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The environmental impact of heli-skiing
09/03/2020 12:00am

In times of a worldwide fight against climate change, most people are asking themselves how much impact their lifestyle has on global warming and the mass extinction of flora and fauna. There is so much that every one of us could and should do for a chance to protect the unique planet we call our home. 

Within all the bad news, we do have a good one for you: The impact of heli-skiing on nature is very minimal. Every group that skis with us explores the terrain with one of our experienced guides and those guys value and protect nature with every bone in their body. “We always make sure that we leave nothing behind but track”, explains HMH manager Hugh Barnard. “At the end of the day we take everything with us, waste, food, even the last bread crumb will come back into the valley.” The helicopters only land on bare rock and don’t destroy any soil during landing and take-off.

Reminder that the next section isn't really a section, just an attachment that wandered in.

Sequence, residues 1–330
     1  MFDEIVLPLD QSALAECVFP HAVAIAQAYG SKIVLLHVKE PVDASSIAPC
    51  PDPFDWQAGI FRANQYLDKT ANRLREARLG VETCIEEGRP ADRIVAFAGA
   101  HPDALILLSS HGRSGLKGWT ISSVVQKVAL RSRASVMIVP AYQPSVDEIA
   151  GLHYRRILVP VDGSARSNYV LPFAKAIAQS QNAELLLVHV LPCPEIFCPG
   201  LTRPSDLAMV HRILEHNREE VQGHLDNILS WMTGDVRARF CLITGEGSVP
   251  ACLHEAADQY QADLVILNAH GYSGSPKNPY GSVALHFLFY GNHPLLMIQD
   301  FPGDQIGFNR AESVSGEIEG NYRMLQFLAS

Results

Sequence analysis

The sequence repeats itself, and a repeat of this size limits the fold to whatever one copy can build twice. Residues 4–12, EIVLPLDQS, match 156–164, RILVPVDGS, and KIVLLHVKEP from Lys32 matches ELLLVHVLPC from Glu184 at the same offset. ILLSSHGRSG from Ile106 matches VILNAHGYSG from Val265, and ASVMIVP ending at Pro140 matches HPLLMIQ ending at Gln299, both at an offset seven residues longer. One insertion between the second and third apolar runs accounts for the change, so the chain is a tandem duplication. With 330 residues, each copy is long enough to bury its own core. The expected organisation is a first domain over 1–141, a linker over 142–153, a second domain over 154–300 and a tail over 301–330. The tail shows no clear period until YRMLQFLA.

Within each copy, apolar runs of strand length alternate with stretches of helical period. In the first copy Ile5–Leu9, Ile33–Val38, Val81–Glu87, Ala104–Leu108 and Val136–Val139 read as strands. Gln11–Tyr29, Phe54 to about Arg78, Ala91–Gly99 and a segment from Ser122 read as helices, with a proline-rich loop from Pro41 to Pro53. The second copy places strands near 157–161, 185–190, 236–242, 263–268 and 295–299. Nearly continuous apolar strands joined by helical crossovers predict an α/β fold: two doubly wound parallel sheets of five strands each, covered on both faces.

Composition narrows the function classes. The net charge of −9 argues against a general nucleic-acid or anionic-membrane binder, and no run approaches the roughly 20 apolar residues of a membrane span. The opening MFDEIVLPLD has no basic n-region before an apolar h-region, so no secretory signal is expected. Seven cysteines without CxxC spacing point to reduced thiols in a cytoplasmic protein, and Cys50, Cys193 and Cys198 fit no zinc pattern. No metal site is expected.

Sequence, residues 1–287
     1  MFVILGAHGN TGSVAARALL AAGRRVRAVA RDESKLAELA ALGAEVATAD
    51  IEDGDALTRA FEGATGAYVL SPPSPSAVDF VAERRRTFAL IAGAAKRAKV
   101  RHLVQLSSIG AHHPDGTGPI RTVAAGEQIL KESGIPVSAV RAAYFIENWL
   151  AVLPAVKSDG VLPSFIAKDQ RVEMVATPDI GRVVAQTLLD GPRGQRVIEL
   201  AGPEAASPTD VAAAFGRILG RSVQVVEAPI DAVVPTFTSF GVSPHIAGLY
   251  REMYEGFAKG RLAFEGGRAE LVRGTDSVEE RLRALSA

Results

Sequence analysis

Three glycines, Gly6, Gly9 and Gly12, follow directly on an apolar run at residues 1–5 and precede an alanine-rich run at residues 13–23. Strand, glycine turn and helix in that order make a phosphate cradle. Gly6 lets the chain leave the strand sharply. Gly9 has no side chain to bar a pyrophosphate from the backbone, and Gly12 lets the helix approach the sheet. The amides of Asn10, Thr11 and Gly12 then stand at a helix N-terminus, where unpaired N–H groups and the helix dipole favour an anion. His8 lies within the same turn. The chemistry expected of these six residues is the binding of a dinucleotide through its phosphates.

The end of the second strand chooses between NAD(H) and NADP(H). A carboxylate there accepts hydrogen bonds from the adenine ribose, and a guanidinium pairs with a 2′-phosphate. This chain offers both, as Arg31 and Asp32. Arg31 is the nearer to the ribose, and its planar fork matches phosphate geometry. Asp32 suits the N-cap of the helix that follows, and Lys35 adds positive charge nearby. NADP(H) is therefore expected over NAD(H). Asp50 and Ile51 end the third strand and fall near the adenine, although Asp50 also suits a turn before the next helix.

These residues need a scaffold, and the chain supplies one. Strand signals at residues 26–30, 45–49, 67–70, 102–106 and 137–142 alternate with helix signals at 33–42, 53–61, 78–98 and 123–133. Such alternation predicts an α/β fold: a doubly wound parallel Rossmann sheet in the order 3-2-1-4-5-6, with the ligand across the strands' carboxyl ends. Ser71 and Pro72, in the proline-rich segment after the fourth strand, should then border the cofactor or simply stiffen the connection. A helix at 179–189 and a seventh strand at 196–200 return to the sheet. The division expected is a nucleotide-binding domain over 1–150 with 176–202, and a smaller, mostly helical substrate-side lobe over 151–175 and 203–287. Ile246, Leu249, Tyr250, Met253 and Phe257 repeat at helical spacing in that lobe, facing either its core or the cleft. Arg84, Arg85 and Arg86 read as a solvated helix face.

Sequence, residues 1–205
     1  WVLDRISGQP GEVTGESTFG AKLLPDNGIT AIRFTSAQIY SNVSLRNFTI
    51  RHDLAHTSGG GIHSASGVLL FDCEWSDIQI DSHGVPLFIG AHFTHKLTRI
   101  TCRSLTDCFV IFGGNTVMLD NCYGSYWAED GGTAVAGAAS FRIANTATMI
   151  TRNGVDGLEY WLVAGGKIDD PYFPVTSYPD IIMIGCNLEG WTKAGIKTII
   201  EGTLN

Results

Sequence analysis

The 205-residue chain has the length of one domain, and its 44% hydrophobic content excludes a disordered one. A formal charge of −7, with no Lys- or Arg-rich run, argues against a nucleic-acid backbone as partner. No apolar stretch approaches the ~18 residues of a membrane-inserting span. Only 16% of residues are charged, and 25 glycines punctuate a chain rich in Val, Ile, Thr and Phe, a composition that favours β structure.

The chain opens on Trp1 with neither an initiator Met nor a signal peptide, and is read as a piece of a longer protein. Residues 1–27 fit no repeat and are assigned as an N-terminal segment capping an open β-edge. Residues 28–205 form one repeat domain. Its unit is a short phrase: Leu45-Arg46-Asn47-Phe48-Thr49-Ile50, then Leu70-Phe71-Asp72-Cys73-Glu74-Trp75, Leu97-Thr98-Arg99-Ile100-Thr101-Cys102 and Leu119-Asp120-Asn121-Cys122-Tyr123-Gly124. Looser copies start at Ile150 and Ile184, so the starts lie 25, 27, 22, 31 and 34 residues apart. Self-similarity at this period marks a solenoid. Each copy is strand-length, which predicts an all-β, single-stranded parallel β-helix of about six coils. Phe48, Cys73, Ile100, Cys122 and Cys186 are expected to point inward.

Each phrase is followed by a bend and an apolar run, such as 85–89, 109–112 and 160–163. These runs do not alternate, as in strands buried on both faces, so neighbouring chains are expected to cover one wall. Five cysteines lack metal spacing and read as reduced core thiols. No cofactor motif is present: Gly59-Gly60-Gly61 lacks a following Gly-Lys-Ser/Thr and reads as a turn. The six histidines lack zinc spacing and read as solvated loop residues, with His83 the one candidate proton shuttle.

Harris Mountains Heli Ski 2020 April Heli 

Compared to other heli-skiing terrains on the planet New Zealand is fortunate enough to have a mountain area without any alpine mammals that could be disturbed by the heli-skiers. We sometimes come across the famous mountain parrot Kea but we never feed them or interact with them in a way that could harm them. 

Harris Mountains Heli Ski 2020 April Kea 

Due to the isolation of the Southern Alps, heli-skiers can feel like they are the only people on the planet. “That can be a real eye-opener for some of our guests who usually don’t come that close to nature”, says Hugh. “The beauty of the mountains is so present and overwhelming in our terrain that it leaves most of our clients in awe. Hopefully, they can take that feeling with them and try and protect this nature more afterwards.”

Harris Mountains Heli Ski 2020 April Nature

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